Ukraine protects airspace from Russia’s military

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Ukraine protects airspace from Russia’s military

WASHINGTON (AP) — In war, winning quick control of airspace is crucial. Russia’s failure to do so in Ukraine, despite its vast military strength, has been a surprise and may help explain how Ukraine has so far prevented a rout.

The standoff in the sky is among the Russian battle shortcomings, including logistical breakdowns, that have thrown Moscow off stride in its invasion.

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Typically, an invading force would seek at the outset to destroy or at least paralyze the target country’s air and missile defenses because dominance of the skies allows ground forces to operate more effectively and with fewer losses. U.S. military officials had assumed that Russia would use its electronic warfare and cyber capabilities to blind and paralyze Ukraine’s air defenses and military communications.

A possible explanation for Russia’s failure to do so is that President Vladimir Putin built his war strategy on an assumption that Ukrainian defenses would easily fold, allowing Russian forces to quickly capture Kyiv, the capital, and crush Ukrainian forces in the east and south without having to achieve air superiority.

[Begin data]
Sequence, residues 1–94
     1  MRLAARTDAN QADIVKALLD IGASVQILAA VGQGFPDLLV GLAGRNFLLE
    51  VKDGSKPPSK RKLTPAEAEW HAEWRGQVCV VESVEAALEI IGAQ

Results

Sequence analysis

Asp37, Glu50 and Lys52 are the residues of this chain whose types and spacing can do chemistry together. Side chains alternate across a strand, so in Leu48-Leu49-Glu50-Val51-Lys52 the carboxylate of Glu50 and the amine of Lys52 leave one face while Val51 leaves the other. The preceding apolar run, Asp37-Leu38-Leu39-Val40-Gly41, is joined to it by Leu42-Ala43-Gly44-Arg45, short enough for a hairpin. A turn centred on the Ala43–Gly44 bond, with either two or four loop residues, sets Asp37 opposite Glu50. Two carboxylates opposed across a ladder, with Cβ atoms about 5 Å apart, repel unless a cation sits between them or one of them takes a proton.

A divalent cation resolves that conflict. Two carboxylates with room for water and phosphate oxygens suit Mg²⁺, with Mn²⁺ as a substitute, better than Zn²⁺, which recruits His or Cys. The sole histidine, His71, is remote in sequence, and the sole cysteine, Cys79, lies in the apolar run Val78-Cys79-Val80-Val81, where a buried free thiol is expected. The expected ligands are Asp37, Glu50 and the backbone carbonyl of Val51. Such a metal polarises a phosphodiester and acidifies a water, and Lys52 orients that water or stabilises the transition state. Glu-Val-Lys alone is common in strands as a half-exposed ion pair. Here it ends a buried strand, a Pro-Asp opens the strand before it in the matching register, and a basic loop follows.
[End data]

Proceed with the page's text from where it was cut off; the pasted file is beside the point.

Read Kremlin on effectiveness of Ukraine military operation

If that was the plan, it failed, although at this stage the conflict’s overall trajectory still seems to favor the larger, better equipped invading force. The invasion is less than a week old, and Russia still hasn’t committed to the battle the full force it had assembled on the border. A senior U.S. official said Monday that about one-quarter of the force hasn’t crossed into Ukraine.

The official, who spoke on condition of anonymity to discuss internal military assessments, said Ukraine has retained a majority of its surface-to-air missile systems — used to shoot down aircraft — and a majority of its helicopters and airplanes. One reason they have yet to be destroyed, the official said, may be because Ukraine’s air defenses were not centrally located and may have been moved around the country.

It appears that Russian commanders have become frustrated by the pace of their battlefield gains and failure to win full air dominance, the official said. In response they may consider more aggressive, larger-scale attacks against Kyiv and to reduce the significant remaining Ukrainian air defenses.

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When he announced his decision to attack on Feb. 24, Putin gave no timetable for completing what he called not a war but a “special military operation.” By U.S. estimates he had assembled more than 150,000 troops on Ukraine’s borders.

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Cleo Jn. Baptiste

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